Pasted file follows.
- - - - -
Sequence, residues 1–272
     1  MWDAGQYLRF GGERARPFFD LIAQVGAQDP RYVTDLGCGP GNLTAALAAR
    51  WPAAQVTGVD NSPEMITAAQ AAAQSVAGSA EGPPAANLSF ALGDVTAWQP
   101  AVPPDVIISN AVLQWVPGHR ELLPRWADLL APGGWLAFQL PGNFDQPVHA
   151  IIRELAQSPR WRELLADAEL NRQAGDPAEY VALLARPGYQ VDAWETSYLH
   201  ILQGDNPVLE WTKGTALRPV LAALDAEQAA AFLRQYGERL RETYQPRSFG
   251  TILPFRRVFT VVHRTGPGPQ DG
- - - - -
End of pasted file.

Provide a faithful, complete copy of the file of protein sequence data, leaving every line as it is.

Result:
Sequence, residues 1–272
     1  MWDAGQYLRF GGERARPFFD LIAQVGAQDP RYVTDLGCGP GNLTAALAAR
    51  WPAAQVTGVD NSPEMITAAQ AAAQSVAGSA EGPPAANLSF ALGDVTAWQP
   101  AVPPDVIISN AVLQWVPGHR ELLPRWADLL APGGWLAFQL PGNFDQPVHA
   151  IIRELAQSPR WRELLADAEL NRQAGDPAEY VALLARPGYQ VDAWETSYLH
   201  ILQGDNPVLE WTKGTALRPV LAALDAEQAA AFLRQYGERL RETYQPRSFG
   251  TILPFRRVFT VVHRTGPGPQ DG